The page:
Issue #212, 10-31-2016
Only one week left
and we need you!
Help us get out the vote... and win a progressive majority in
"Real change is not easy and real change never takes place from
the top on down, always from the bottom on up. And, that is what our
political revolution is all about... We need you, and you, and you, to
get involved at the local level." -- Bernie Sanders, June
November 8th is only one week
away, and we need you
to continue our political
revolution by getting involved in our local election!
thanks to everyone who has canvassed, phone banked, passed out
literature, made a donation, or shown their support. Now is the time
to step it up -- if you have pitched in already, we ask you to keep it
up until Tuesday. And for those who have not yet done so, it's not too
We are phone banking
every day up until the election. Bring your cell phone, and a tablet
or laptop if you have one to the Bobby Bowens Progressive Center (2540
Macdonald Ave.). You can RSVP
or call Zak Wear at 510 621 7566. If these times don't work
for you, you can schedule something that works for you.
- Tuesday, Wednesday and Thursday: 6-8pm
- Friday: 4-6pm, and 6-8pm
- Saturday: 10-1pm, 1-4pm
- Sunday: 12-4pm, 4-8pm
- Monday: 10-1pm, 1-5pm, 5- 8pm
We have lots of canvass opportunities too! Meet at the Bobby
Bowens Progressive Center.
- Tuesday, Wednesday and Thursday: 5-8pm
- Saturday: 10-1pm, 1-4pm
- Sunday: 12-4pm, 4-8pm
- Monday: 10-1pm, 1-5pm, 5- 8pm
Volunteer on election day.
This is a huge day for
us. We need people to hand out slate cards at polling stations,
canvass the day-of, and work the phones in order to get out the vote.
If you can help out all day, please do so -- otherwise we have plenty
of shifts ranging from 2 hours or more. RSVP
Of course, your donations
are always needed and welcome. Donate securely to the campaigns of Ben
have to volunteer through an organized event to get involved. RPA
supporters have been seen mingling and passing out literature at
community events and concerts, flyering in front of grocery stores,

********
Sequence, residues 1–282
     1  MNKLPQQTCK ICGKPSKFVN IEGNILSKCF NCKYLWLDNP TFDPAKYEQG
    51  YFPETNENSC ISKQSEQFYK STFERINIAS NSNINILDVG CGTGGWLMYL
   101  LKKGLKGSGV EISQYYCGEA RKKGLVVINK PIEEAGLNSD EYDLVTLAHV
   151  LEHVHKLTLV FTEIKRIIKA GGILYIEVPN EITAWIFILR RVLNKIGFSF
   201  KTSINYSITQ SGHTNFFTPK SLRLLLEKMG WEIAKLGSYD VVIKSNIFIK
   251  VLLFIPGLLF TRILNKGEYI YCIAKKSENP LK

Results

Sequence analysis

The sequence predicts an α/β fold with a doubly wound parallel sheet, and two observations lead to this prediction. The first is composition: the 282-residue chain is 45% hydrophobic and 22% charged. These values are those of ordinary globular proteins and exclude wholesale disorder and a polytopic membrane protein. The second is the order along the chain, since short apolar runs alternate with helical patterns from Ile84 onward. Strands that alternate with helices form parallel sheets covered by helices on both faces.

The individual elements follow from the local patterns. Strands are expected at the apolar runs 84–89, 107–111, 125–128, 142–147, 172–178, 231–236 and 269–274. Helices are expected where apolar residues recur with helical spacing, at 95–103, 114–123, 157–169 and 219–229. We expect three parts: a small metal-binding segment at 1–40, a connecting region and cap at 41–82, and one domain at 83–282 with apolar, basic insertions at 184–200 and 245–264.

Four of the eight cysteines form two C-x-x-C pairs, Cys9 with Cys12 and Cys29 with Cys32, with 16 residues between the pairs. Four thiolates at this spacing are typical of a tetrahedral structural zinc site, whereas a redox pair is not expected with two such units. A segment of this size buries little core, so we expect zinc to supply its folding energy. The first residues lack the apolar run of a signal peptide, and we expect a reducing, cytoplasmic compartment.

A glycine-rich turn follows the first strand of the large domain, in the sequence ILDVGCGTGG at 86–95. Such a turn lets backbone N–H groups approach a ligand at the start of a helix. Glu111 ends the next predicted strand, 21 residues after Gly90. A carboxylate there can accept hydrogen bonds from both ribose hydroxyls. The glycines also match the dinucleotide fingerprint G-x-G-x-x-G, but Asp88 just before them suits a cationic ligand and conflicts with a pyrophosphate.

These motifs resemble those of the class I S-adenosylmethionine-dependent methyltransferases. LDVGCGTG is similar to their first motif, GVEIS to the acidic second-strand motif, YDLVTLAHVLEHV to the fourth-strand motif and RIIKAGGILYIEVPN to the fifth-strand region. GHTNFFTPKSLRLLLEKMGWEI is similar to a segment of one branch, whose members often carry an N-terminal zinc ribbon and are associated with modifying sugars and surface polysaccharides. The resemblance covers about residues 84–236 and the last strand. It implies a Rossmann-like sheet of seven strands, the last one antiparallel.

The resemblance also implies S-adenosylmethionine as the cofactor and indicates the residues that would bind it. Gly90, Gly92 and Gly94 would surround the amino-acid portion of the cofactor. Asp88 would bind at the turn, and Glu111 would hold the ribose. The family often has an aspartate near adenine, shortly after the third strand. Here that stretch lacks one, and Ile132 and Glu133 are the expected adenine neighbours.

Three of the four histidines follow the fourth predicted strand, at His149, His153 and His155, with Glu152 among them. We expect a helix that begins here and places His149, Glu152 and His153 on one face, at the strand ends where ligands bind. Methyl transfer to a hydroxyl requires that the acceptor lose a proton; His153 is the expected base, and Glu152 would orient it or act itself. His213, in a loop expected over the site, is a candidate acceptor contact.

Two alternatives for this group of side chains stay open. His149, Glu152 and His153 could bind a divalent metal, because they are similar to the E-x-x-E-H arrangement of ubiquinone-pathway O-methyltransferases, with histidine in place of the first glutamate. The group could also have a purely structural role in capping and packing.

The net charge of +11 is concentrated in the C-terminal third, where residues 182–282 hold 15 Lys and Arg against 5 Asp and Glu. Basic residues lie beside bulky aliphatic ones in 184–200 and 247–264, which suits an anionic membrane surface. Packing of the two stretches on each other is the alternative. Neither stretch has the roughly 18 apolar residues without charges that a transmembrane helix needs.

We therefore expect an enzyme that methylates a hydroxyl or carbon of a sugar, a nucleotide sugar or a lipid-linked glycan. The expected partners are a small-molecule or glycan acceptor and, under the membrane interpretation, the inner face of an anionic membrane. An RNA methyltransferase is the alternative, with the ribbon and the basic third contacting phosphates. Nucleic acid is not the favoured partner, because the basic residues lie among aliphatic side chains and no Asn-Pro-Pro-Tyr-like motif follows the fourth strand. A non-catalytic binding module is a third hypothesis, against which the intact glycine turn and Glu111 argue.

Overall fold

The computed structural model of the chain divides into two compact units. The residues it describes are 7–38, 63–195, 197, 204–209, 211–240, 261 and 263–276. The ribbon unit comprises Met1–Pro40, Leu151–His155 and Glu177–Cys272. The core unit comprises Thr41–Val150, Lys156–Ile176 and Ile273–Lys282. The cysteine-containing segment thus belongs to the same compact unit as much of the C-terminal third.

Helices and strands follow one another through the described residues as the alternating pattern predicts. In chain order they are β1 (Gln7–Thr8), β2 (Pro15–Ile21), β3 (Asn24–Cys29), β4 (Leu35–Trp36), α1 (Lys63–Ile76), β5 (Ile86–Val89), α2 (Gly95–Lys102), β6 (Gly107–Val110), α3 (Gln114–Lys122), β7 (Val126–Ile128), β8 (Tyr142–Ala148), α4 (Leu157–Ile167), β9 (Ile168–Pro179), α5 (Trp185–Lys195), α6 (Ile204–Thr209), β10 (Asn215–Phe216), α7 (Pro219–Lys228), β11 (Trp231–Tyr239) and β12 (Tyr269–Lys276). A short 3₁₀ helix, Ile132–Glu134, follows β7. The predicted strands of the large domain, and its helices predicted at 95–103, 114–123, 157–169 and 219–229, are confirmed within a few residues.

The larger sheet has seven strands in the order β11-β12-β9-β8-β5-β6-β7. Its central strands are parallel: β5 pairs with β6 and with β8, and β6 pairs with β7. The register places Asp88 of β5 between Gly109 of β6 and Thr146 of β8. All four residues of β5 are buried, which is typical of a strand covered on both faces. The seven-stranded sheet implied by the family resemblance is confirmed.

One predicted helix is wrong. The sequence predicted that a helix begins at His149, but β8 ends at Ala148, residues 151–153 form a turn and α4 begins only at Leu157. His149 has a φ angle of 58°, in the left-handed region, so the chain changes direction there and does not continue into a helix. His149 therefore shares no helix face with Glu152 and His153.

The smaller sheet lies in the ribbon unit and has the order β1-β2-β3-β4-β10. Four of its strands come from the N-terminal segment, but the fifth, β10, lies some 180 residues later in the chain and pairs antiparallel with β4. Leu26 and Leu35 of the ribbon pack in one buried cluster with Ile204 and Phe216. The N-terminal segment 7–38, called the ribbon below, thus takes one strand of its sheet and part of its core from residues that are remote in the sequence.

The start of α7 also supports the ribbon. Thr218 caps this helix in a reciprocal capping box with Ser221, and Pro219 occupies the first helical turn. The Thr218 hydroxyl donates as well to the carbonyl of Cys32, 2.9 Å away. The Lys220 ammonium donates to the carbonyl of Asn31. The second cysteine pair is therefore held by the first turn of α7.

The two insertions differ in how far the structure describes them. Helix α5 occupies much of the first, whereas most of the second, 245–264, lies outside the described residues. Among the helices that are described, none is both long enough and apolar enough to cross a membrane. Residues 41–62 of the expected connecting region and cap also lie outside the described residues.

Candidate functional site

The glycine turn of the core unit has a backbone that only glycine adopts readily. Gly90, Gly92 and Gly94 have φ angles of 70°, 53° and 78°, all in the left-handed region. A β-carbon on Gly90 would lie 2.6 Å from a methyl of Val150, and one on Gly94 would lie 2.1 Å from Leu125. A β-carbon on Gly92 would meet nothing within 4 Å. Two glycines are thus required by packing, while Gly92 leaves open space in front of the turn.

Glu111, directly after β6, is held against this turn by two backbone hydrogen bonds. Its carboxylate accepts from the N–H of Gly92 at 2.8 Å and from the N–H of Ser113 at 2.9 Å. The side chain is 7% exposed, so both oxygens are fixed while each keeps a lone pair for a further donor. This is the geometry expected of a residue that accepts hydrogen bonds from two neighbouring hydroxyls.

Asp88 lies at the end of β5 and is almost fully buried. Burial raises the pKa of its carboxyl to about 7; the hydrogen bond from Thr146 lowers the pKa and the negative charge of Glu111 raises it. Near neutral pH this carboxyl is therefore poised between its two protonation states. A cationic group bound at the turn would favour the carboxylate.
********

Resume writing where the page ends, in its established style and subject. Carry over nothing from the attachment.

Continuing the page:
handing out The Richmond Sun
at BART stations, and waving
placards on street corners during rush hour. Come by the RPA office to
pick up supplies and get out there! As Bernie says, real change always
starts from the bottom up!
Who inspires us: volunteer canvasser Diana Wear
We caught up with Diana Wear last weekend for our third in a
series of interviews with volunteer RPA canvassers. Diana says that
canvassing is "rich and meaningful experience" that has made her feel
"more connected to Richmond." She also shared how, in the course of
having a heartfelt conversation at the door, she was offered some
freshly caught salmon (!). Just goes to show: you never know what
great stuff might await when you connect with your neighbors.
When did you begin canvassing?
My first day out was when we kicked off the campaign at this year’s
Cinco de Mayo Parade. A lot of people were at the parade and I enjoyed
meeting folks before the parade, talking about rent control. I
canvassed in the neighborhood of the parade so a lot of people weren’t
home but I did meet a few people who weren’t registered to vote and
they were appreciative to get voter reg cards since they were
unfamiliar with the process. I did however, have some meaningful
conversations with some Richmond residents that day.
memorable experiences canvassing?
I was in a neighborhood not far from the RPA office. I walked a
good few blocks, knocking on doors and no one was home. Finally, I
came across a gentleman and his wife who have been longtime Richmond
residents and homeowners. They were astonished by the rising rents in
their own neighborhood, commenting, “We’ve lived here for so long. It
breaks our hearts to know that we could not afford to live here if we
had to rent.” He mentioned a house across the street that had been
recently renovated, “It’s crazy for an 800 square foot, one bedroom
house to be asking for that much money.” He also mentioned he had
been salmon fishing the day before and offered me some fresh-caught
salmon. So I got a good catch too! But more than that, he was
grateful to see canvassers taking the time to talk about the
issues—that day I was talking about both rent control and our two
terrific city council candidates, Melvin and Ben.
How do you feel about the campaign materials you give
I think they’re quite good. I’ve gotten them in the mail and my
husband and I have discussed them. They’re helpful. I also appreciate